- The need to adopt governance solutions: the configuration and implementation of cloud services within the corporate data design requires an accompanying data governance framework that lets you control the data along its articulated transformation path, to ensure the expected technical and business quality levels. Data governance has become a fundamental component of modernisation.
To prevent any problems, it’s therefore essential for the project team to have the correct mix of specialist skills in cloud-native functions, data governance and cloud security, and to know how to understand, evaluate and direct a structured and mature approach to the modernisation programme.
To ensure and support the evolution of the cornerstones of the new data warehouse, our approach consists of three key phases which examine four areas of intervention: the choice of cloud access strategy, the design of the reference architecture, data modelling, and roll-out of analytics solutions.
The first phase is the assessment, which analyses the current situation to evaluate technical and economic feasibility, organisational maturity and data availability to identify the best strategic direction. A fundamental step of the assessment, which often helps customers understand the benefits and challenges associated with the modernised data warehouse, is the proof of concept. This experimental exercise aims to migrate a specific range of data, one specific report, to the cloud to see firsthand what modernisation means. A proof of concept can be achieved in a few weeks and is often a great help in raising awareness among all the project stakeholders.
Next comes the conceptualisation phase of foundation, aimed at creating the main founding pillars of the new data warehouse, especially in terms of architecture, data model and implementation guidelines for data flows and analytics.
The third and final phase is implementation: execute, measure and improve. This involves effectively activating and configuring the cloud architecture components, developing the new data model, the ingestion and transformation pipelines, and implementing the analytical and reporting use cases. This all takes place within an agile progress that foresees phases of continuous improvement.”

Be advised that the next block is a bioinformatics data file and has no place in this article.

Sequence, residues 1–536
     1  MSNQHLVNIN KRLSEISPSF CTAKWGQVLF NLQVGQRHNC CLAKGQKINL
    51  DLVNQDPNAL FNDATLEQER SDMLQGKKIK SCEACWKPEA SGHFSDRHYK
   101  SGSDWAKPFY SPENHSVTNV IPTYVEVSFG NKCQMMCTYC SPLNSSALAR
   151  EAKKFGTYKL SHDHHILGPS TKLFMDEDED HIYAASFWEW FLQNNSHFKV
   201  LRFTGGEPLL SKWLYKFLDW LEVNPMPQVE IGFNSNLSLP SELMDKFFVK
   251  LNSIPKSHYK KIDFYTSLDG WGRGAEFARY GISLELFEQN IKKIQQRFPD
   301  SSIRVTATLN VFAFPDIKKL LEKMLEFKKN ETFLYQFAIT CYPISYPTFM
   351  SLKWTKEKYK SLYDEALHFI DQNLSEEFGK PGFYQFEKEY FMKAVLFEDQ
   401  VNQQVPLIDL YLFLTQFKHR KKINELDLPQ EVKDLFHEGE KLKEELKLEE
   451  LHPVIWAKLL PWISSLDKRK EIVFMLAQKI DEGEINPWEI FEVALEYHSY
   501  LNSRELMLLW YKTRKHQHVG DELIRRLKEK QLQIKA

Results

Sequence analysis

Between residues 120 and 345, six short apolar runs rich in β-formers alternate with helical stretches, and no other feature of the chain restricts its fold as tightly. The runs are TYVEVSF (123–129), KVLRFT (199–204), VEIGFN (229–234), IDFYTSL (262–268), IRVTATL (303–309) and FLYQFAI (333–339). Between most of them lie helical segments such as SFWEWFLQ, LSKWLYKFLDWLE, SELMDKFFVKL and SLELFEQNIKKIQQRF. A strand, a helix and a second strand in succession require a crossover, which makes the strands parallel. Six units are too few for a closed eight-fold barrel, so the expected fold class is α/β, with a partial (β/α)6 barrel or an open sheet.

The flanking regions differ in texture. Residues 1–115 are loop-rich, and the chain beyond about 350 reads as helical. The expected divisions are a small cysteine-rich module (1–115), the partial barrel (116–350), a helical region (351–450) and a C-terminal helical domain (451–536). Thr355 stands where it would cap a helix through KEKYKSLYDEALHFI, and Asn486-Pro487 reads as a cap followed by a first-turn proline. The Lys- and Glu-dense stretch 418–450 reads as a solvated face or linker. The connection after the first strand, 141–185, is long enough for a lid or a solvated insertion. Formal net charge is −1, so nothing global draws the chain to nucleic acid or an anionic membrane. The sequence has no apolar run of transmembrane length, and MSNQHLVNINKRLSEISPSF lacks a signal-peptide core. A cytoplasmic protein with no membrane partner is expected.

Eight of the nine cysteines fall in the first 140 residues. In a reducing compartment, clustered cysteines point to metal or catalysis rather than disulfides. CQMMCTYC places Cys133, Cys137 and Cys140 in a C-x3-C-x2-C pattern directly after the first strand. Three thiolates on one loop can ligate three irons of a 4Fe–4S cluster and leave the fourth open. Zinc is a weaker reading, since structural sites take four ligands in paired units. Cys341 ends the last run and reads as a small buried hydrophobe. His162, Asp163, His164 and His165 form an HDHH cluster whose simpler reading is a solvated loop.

Luca Natali, Associate Data Engineer at xTech, explains which main technologies enable the development of a modernised data warehouse platform.
“The main technologies for developing so-called modernised data warehouses are the cloud-native services developed by providers to produce a platform, offering complete management from raw data to visualisation dashboards. These services can be grouped into five basic categories:
- Raw Data Layer: object-storage services, capable of accommodating structured, semi-structured and unstructured data. They are usually used as landing areas for files from other cloud environments or from systems at the customer’s data centre. Examples include: Amazon S3, Google Cloud Storage, Azure Blob Storage.
- Data Integration: managed and scalable processing tools which can perform distributed data processing by dynamically adapting the resources necessary for computation. On top of these tools, it is often useful to include additional services for scheduling activities, event-based processing (such as serverless event-based functions), data anonymisation, data cataloguing, etc. Examples of these tools include: Amazon Glue, Azure Data Factory, Google Dataflow.
- Data Warehousing: this is the main component of the chain, where the data is saved in the data model in table format, after the transformation and quality assessment process. Examples include: Amazon Redshift, Google BigQuery, Azure Synapse Analytics
- Visualisation/Reporting: these services are for developing reports and creating data visualisation dashboards. These tools are very often integrated with other sources to combine data from multiple different sources, thereby enabling new types of analysis.
Examples include: Amazon QuickSight, Microsoft Power BI, Google Data Studio.
One aspect that makes these cloud-native tools very attractive for creating new data warehouses is their ease of integration with the company’s data sources. With just a few configuration steps, we have the possibility not only to integrate traditional business systems (like historical ERP or CRM), but also to connect more modern and cloud-based business information systems, such as Salesforce or ServiceNow.
Finally, it’s worth stressing how even for customers who have already brought their data warehouse to the cloud, but without changing the technology (i.e. by adopting a lift & shift IaaS approach), modernisation can offer further benefits on top of those already obtained with the first migration of the data warehouse. These include greater flexibility and agility, greater platform reliability and a reduction in daily operational tasks, thanks to the fully managed service (management of backups, software upgrades, etc.). These benefits concern not only the data warehouse per se, but also all the tools related to data processing, ETL pipeline execution and scheduling. For this reason, as my colleagues have said, in order to derive maximum benefit from the modernised solution, the entire data management chain – from the ingestion phase to reporting – should be designed and implemented with extensive use of cloud-native tools.”
If you are interested in learning more about our offer or would like to have a conversation with one of our experts, please send an email to firstname.lastname@example.org with “Data Warehouse” as subject, and you will be contacted promptly.